Chancellor of the Exchequer George Osborne said the danger of a miscalculation leading to a “very bad outcome” between Greece and the euro area is increasing, and the Group of 20 finance ministers are urging a solution.
“It’s clear that the risks to the world economy, the risk to the British economy of this standoff between the eurozone and Greece, is growing each day,” Osborne said in an interview with Bloomberg Television in Istanbul late on Monday. “The risks of a miscalculation or a misstep leading to a very bad outcome are growing as well.”
Osborne, who is in Turkey at the G-20 meeting of finance ministers and central bank governors, said discussions have centered on seeking an approach amenable to all sides in the crisis, which intensified after Greece’s anti-austerity SYRIZA party won power in Jan. 25 elections.
Britain is stepping up its readiness for a negative outcome, he said. “Here at the G-20, we are urging all parties to this dispute to find some common solutions and we’re also at home stepping up our preparations for whatever the outcome may be,” Osborne said. “A Greek exit from the euro would be very difficult for the world economy and potentially very damaging for the European economy.”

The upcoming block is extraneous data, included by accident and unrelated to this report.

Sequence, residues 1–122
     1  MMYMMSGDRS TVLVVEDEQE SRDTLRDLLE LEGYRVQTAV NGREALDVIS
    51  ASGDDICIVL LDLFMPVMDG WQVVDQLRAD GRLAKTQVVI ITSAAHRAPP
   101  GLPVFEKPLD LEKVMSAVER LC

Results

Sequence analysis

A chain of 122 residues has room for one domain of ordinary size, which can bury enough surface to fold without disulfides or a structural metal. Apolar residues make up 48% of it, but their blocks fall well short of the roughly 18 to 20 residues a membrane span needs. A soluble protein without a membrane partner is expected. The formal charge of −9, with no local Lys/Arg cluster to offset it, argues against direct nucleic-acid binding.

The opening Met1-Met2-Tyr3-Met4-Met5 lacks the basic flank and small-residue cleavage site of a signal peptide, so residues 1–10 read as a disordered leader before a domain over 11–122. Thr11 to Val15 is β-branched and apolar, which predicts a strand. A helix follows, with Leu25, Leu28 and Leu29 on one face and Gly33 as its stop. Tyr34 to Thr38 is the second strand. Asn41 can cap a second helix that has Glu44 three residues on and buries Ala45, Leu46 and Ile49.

Osborne’s comments highlight the concern among global leaders that the prospect of Greece exiting the euro could spark turmoil in financial markets, as the new government faces down creditors over the terms of its bailout. In London, Prime Minister David Cameron led a meeting of Treasury and Bank of England officials on Monday on the possible impact of its departure from the common currency. That outcome could be a “potentially chaotic and disorderly exit,” Osborne said, adding “there’s no doubt that the UK economy would be affected by a crisis in the eurozone.”
Euro-region finance ministers will meet on Wednesday for emergency talks on Greece, followed by a summit of European Union leaders the next day. That meeting may include discussions of a potential escalation of sanctions on Russia following its continued intervention in Ukraine.
Osborne said he is confident unity can be found on condemning Russia’s actions “because what is not acceptable is for the sovereignty of a sovereign state to be violated” — though the aim is to find a peaceful solution. “There has been unity on sanctions, I don’t think anyone should bet against that,” Osborne said. “The collective will is there to take further action if it’s required, if the situation deteriorates.”